By SRT CEO, Michael Ryan
That’s all it took to cause a data breach that exposed personal information of nearly 146 million Americans. A single employee, somewhere within the Equifax chain of command, failed to install a software patch. A patch that had been available for months.
A patch that could have prevented the breach entirely.
Before I became the CEO of South River Technologies, I spent more than 20 years as a software engineer and developer of server solutions, so I understand how difficult it is to develop bulletproof software. No matter how good your technology is initially, there’s almost always a point of failure, a vulnerability, or an attack vector that requires a patch. Knowing that, I also understand that when someone does inevitably find an opening for an attack, software vendors must patch the hole immediately and release the fix to customers.
So, when patches are readily available — patches that are designed to protect your company from data breaches that can plaster your name across the news and destroy your entire business — why wouldn’t you apply them immediately?
As a CEO, I get it. When your servers are down, your customers aren’t happy. Businesses today routinely require 99.999% uptime, which leaves very little room for scheduled updates and patches. Is your company willing to sacrifice some of that downtime — and, more importantly, customer satisfaction — to install a software patch?
Unfortunately, the answer for many businesses is no. Companies are reluctant to apply patches immediately when they are released because either they don’t want unscheduled downtime, or there are business rules in place prohibiting immediate rollout of security patches until they have been thoroughly vetted by IT. Worse, I see this most often in the healthcare and finance industries — two sectors that are constantly under attack because of the value of personal financial and healthcare information.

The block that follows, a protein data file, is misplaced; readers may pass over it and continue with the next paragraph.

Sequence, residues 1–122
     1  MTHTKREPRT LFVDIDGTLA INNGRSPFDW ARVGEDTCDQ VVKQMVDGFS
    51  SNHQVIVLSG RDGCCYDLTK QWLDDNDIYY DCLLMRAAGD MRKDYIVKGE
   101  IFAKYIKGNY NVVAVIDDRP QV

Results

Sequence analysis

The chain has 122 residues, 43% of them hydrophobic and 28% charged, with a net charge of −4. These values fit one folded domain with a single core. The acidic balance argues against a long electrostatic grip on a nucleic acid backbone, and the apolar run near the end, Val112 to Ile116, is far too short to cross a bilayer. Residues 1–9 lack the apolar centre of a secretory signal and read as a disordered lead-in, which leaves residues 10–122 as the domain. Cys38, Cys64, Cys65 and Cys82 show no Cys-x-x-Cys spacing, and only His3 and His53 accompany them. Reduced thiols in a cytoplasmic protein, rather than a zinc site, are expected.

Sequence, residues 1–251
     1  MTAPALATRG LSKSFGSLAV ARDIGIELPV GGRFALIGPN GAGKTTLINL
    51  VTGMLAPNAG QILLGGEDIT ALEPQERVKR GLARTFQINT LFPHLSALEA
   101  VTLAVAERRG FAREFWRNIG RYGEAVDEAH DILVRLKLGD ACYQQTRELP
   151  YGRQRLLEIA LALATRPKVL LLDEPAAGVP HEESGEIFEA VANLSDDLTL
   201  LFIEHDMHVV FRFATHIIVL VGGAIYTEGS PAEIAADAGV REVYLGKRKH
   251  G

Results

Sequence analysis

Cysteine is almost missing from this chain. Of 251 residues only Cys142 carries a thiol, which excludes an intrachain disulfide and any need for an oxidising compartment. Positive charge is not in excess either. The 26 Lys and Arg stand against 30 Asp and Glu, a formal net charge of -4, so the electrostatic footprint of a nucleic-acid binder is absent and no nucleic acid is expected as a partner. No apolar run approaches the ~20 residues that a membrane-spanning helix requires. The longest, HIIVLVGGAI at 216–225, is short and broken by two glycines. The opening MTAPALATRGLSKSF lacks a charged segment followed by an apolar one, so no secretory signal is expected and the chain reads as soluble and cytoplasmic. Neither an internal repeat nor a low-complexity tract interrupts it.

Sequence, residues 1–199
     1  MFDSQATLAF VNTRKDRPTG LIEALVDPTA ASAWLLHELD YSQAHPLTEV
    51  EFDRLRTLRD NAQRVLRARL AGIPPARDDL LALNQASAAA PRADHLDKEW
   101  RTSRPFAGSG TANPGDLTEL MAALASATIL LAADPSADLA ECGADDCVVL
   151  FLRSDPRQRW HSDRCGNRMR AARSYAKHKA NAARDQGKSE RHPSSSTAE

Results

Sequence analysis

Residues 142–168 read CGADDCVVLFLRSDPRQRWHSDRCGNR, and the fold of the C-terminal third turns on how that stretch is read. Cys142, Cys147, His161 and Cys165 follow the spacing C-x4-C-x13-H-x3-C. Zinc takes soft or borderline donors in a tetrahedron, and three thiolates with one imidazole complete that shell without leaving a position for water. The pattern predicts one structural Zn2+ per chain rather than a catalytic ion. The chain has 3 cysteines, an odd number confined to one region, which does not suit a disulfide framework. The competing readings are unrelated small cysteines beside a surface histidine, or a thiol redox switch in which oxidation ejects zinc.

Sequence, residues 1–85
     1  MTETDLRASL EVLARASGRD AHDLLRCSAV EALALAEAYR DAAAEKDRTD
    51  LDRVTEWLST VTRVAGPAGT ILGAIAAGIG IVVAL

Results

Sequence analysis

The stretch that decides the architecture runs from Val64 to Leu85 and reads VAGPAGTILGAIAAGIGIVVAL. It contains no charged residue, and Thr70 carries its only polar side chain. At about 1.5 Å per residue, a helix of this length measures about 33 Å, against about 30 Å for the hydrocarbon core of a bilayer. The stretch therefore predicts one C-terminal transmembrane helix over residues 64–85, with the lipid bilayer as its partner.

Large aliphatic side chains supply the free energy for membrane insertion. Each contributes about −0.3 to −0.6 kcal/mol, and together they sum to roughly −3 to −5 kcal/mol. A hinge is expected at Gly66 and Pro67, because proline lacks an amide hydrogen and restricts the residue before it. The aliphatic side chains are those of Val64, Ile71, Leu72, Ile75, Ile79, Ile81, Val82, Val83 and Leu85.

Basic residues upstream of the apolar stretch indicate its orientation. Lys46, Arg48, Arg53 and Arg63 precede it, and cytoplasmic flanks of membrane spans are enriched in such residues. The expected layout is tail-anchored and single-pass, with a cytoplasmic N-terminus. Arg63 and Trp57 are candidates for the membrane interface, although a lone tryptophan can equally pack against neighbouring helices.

While installing a patch could cause a few minutes of downtime, failing to install that patch could create a vulnerability that allows your customers’ data to be exposed, stolen, and potentially sold on the dark web.
Which is worse for your customer satisfaction?
Here’s the reality: There will never be perfectly secure software, and there will never be a shortage of cyber criminals whose sole mission is to gain access to your system, take your data, and sell it for a profit. Here’s how I propose we move forward as software providers to better protect our customers.
Server software vendors: We must be diligent about regression testing every code change to ensure there are no memory overruns, holes, or other vulnerabilities. As software vendors, there are always opportunities to cut corners or deliver updates prematurely to satisfy customer demands. But that only increases the likelihood of more bugs requiring additional patches, which hurt customers in the long run.
Company executives: Immediately evaluate your software vendors. Find out how often they release software patches. Determine the turnaround time for hot-fixes. Have them verify their QA processes. Will your vendor work with you to test and apply the patch to your system with the least amount of downtime? For mission-critical systems, does your server solution support clustering so one server can come offline to be patched while the other continues to service customers? If your software vendors cannot pass these tests, find another solution provider because you’re putting your customers and their data at risk. However, part of the responsibility is also on your shoulders. You should have a formalized plan in place that allows you to upgrade and apply patches within 24 hours of the release — not two months later.
Whether you’re the executive in charge of your company’s information security, or a software vendor that many companies rely on, you must do your part to protect your customers’ data and avoid security incidents like the Equifax breach.
CEO, South River Technologies